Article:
Connect Data from MediaMath to Tableau
You can get your MediaMath data into Tableau to make more informed business decisions. This simple and quick guide gives you easy instructions on how you can extract your data from MediaMath and then analyze it in Tableau. Our MediaMath to Tableau connector allows you to access your MediaMath data so you can easily manage various media objects, view metadata, and comments, and get reliable insights and metrics, such as reach, impressions, follower-like ratio, and likes. Integrate your MediaMath with Tableau to turn your MediaMath data into actionable insights.
MediaMath is a leading digital marketing technology company. It was founded in 2007 in New York. MediaMath was the first company that officially introduced the first DSP solution in the market. MediaMath is great as it combines media, audience, and intelligence in one efficient platform in order to help marketers execute effectively at scale.
MediaMath’s T1 helps activate data, optimizes interactions, and automates execution across all addressable media. This helps deliver transparency, superior performance, and control to all marketers as well as better and more personalized experiences for consumers.
Tableau is a great and quickly growing data visualization tool that helps simplify raw data, such as MediaMath data, into an understandable format. One of the great things about Tableau is that the software does not require any technical or programming skills to operate. Tableau also offers great cloud capabilities, allowing you to share analyses via the web or your company intranet.
Tableau's ease of use stems mainly from the fact that the platform has a great drag and drop interface. The feature helps you perform various tasks, like sorting, analyzing, and comparing very easily and quickly.
Before loading your data into Tableau, you will have to prep it first. If you don't already have a data structure in which to store the data you retrieve, you'll have to create a schema for your data tables. Then, for each value in the response, you'll need to identify a predefined datatype (INTEGER, DATETIME, etc.) and build a table that can receive them.
MediaMath's documentation should tell you what fields are provided by each endpoint, along with their corresponding datatypes. Complicating things is the fact that the records retrieved from the source may not always be "flat" – some of the objects may actually be lists. In these cases you'll likely have to create additional tables to capture the unpredictable cardinality in each record.
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The great thing about MediaMath is that it provides an API called MediaMath API. You can retrieve data programmatically through this API. It is available to all users who use the platform. By leveraging Improvado, you can easily and quickly integrate, connect, and see all your MediaMath data flow into Tableau.
If you would like to analyze data in Tableau, you will have to convert it into a format that Tableau can read. You can import data from excel files or text files and PDFs, but the most suitable practice is to create a data warehouse that has all the data, and then to connect your data warehouse to Tableau.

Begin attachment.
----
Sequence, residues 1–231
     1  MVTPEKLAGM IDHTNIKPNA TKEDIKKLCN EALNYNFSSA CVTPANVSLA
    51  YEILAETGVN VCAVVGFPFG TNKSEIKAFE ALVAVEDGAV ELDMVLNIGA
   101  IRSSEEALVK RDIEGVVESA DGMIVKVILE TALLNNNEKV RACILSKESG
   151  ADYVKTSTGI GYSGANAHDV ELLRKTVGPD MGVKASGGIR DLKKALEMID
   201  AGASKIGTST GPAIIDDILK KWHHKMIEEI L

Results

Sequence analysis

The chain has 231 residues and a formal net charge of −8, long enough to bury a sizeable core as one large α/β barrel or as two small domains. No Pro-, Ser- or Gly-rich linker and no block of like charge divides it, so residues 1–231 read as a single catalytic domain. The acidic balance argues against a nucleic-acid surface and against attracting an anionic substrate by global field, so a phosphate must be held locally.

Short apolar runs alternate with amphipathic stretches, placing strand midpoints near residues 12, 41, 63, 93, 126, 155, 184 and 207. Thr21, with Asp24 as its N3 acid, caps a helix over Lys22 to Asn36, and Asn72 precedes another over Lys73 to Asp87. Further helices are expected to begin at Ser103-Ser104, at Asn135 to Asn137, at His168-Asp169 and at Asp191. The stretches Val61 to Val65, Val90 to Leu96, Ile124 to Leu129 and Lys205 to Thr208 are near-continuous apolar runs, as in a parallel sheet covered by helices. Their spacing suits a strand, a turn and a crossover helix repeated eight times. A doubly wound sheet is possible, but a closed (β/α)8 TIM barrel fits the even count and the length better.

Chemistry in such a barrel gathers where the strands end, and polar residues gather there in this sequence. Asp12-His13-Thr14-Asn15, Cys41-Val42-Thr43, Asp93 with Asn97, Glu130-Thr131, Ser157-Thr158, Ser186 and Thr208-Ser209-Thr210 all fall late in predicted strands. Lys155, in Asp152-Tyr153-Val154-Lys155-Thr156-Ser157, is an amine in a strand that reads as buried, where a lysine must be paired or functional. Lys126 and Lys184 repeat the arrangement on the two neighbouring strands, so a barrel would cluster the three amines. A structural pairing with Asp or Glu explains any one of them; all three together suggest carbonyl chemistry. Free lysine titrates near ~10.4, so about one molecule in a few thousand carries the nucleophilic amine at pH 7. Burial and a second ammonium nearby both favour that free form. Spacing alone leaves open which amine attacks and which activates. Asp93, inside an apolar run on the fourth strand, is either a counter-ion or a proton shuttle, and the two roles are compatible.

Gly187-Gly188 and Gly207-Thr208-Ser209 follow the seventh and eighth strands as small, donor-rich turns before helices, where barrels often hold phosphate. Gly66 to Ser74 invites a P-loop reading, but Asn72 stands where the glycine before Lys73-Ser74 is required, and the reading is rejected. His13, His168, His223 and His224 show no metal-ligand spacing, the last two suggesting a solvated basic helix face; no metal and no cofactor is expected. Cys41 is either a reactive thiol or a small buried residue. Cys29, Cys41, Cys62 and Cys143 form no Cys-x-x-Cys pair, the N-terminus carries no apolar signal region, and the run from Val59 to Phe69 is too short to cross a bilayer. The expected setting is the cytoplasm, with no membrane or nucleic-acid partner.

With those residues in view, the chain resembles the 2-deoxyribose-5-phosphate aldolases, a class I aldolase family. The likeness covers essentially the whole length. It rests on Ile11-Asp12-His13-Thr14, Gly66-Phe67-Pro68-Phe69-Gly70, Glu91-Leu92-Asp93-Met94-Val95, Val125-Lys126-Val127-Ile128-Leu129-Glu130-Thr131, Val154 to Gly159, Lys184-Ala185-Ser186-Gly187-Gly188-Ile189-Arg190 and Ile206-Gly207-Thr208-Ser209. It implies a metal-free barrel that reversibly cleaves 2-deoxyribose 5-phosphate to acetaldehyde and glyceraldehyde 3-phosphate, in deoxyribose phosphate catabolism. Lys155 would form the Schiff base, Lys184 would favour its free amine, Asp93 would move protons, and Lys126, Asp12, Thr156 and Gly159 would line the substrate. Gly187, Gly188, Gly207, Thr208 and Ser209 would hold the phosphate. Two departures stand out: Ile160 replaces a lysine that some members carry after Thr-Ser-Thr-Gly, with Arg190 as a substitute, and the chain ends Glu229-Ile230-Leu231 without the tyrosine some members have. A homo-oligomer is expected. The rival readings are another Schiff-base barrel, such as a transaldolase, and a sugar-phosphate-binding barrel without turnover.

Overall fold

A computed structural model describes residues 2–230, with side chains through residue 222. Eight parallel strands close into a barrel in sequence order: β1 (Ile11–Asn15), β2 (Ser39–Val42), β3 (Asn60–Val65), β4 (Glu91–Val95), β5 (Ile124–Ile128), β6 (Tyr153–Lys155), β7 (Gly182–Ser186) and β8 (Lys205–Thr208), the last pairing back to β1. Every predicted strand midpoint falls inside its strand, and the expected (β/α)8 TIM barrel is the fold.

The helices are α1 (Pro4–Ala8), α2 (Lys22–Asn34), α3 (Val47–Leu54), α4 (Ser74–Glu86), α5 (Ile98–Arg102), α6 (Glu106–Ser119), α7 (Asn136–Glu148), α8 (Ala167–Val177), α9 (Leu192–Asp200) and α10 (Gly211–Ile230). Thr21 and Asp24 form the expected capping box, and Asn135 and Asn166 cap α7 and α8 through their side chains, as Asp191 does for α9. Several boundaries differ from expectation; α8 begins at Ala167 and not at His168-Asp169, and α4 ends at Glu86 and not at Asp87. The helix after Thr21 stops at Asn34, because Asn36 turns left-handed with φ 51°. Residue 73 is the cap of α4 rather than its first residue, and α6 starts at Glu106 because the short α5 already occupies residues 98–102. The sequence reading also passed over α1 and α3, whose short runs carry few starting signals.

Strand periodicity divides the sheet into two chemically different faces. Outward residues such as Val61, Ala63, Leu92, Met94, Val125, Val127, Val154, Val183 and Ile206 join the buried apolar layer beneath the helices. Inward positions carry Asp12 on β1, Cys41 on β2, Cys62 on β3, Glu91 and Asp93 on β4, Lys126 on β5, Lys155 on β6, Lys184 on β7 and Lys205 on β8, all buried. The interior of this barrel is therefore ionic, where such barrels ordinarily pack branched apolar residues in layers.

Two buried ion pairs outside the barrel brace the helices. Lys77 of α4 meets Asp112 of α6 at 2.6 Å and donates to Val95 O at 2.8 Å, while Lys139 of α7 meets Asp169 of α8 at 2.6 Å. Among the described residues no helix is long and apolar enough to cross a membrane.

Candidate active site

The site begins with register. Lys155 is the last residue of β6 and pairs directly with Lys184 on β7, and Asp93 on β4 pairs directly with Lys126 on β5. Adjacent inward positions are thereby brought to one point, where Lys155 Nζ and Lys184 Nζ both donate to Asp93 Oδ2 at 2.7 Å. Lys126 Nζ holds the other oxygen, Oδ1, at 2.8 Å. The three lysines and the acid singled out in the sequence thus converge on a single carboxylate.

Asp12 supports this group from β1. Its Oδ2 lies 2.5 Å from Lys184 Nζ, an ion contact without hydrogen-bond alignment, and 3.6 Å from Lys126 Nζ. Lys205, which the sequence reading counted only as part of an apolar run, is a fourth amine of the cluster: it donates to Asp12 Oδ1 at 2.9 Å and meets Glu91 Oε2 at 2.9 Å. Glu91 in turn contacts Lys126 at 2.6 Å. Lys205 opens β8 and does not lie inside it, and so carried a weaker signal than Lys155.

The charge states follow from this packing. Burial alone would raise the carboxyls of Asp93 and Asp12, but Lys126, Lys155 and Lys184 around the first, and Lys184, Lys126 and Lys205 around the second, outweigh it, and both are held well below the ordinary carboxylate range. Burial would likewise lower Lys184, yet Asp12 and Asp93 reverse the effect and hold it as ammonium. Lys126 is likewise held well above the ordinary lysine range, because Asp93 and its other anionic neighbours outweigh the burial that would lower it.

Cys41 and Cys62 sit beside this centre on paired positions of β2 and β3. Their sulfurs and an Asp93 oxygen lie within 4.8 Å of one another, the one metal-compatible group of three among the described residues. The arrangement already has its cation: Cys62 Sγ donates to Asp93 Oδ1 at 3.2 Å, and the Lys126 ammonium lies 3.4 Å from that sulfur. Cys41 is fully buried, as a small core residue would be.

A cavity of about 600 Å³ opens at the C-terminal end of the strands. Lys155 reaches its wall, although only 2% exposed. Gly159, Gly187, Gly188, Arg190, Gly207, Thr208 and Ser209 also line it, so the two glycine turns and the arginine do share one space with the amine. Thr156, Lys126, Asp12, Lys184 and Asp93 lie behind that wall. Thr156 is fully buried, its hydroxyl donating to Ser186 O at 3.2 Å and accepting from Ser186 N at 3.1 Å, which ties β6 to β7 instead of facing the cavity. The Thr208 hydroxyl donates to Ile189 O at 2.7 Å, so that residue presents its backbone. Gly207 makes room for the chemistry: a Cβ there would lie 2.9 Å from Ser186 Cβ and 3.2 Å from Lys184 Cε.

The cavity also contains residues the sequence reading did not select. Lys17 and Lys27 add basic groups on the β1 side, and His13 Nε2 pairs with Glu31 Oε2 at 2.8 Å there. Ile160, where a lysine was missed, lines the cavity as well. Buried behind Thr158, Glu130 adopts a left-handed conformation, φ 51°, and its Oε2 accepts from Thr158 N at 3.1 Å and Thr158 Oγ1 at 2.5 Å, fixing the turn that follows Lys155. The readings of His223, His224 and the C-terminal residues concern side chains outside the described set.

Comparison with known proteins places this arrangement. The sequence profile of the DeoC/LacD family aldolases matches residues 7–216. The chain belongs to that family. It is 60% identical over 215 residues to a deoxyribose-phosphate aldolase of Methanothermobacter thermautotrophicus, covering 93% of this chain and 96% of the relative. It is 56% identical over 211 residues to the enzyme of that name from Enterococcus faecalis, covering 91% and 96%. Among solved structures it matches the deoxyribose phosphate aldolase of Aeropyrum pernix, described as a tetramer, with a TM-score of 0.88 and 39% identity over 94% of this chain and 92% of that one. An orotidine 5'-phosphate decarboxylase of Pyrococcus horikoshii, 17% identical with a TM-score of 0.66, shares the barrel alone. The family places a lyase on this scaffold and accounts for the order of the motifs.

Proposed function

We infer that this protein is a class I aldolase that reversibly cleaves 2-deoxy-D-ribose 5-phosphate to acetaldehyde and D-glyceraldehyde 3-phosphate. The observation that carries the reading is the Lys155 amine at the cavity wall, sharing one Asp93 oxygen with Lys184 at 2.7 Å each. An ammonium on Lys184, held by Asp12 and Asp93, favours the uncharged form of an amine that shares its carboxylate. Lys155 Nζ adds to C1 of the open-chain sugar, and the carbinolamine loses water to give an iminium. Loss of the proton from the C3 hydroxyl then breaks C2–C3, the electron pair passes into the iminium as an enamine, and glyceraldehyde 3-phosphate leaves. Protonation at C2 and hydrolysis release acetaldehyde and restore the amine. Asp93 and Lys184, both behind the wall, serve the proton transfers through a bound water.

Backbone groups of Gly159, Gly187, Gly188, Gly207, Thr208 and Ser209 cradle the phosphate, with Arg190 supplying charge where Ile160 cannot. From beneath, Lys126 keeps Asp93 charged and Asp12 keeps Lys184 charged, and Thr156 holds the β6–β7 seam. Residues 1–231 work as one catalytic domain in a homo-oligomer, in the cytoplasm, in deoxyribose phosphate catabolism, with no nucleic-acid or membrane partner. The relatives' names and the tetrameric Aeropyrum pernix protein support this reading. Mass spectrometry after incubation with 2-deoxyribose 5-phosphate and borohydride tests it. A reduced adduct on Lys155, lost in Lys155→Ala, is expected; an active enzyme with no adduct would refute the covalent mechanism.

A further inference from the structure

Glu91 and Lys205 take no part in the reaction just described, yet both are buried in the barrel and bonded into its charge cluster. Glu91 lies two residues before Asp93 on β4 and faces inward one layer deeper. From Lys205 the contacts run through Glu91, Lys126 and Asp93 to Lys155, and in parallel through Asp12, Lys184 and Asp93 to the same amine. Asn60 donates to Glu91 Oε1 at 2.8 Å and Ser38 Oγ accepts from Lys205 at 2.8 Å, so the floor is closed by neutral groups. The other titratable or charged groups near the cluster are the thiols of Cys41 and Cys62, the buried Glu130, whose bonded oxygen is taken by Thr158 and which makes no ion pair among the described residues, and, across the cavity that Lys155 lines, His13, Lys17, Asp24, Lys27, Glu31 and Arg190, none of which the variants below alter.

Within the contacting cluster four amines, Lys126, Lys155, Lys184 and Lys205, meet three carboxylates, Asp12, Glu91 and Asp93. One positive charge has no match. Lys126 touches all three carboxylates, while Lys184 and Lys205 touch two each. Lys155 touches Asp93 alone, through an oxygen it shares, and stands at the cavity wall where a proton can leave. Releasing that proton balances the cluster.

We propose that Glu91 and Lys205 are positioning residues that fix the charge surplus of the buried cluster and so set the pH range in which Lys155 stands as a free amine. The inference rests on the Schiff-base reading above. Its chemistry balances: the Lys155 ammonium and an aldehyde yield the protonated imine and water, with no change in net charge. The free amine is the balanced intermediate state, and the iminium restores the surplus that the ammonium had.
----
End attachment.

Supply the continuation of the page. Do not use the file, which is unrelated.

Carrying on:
To import your data from an MS Excel file, click on "Microsoft Excel" present under the connect tab. This will open a new dialog box so that you can easily navigate to your Excel file in the machine from which you would like to import your data.
Now, click on the file and then click ‘Open.’ In case there is more than one sheet in your MS Excel workbook, all of these workbooks will be automatically imported, and they would be listed as sheets on the left-hand side panel of Tableau. Once you have loaded your data, Tableau offers an option to locally cache your data to expedite queries.
There are almost no restrictions on how you import any type of data into Tableau. Tableau has many options to represent data in various views, applying filters, formatting, drill-downs, creating sets, performing forecasting, and generating trend lines.
If you have used Pivot Tables in MS Excel, then the Tableau report building process will feel quite familiar. You will have to select the columns and rows desired in the resulting data set, and the aggregate functions used in order to populate the data cells.
Keeping data up to date
If you've made it this far, congrats! You probably have a written a program or script to extract your data and move it into Tableau.
Now it's time to think about how you will keep this data up-to-date by loading updated or new data. Of course, you can just replicate all your data every time you have updated your records, but that would be extremely manual and time-consuming.
Luckily there is a better way. The key is building your script so that it can sense incremental updates made to the data.
Thankfully, MediaMath’s API results include fields so that you can identify those records which are new since the last update you made (or since the most recent record you have copied). Once you have taken new data into consideration, you can easily set your script either as a continuous loop or cron job to pull down new data as soon as it appears.
And keep in mind that, as with most codes, once you write it, you will need to maintain it. In case MediaMath changes its API, or if the API sends a field containing a data type that your code does not recognize, you might have to change the script.
The Easiest And Fastest Way To Do It
If all this sounds a bit overwhelming, don't worry -- there is an easier way to get this done!
Thankfully, products like Improvado were developed to move data from MediaMath to Tableau automatically. Using Improvado, you can easily combine the most crucial and relevant data from your ad campaign into a dashboard. You can then connect this data to Tableau.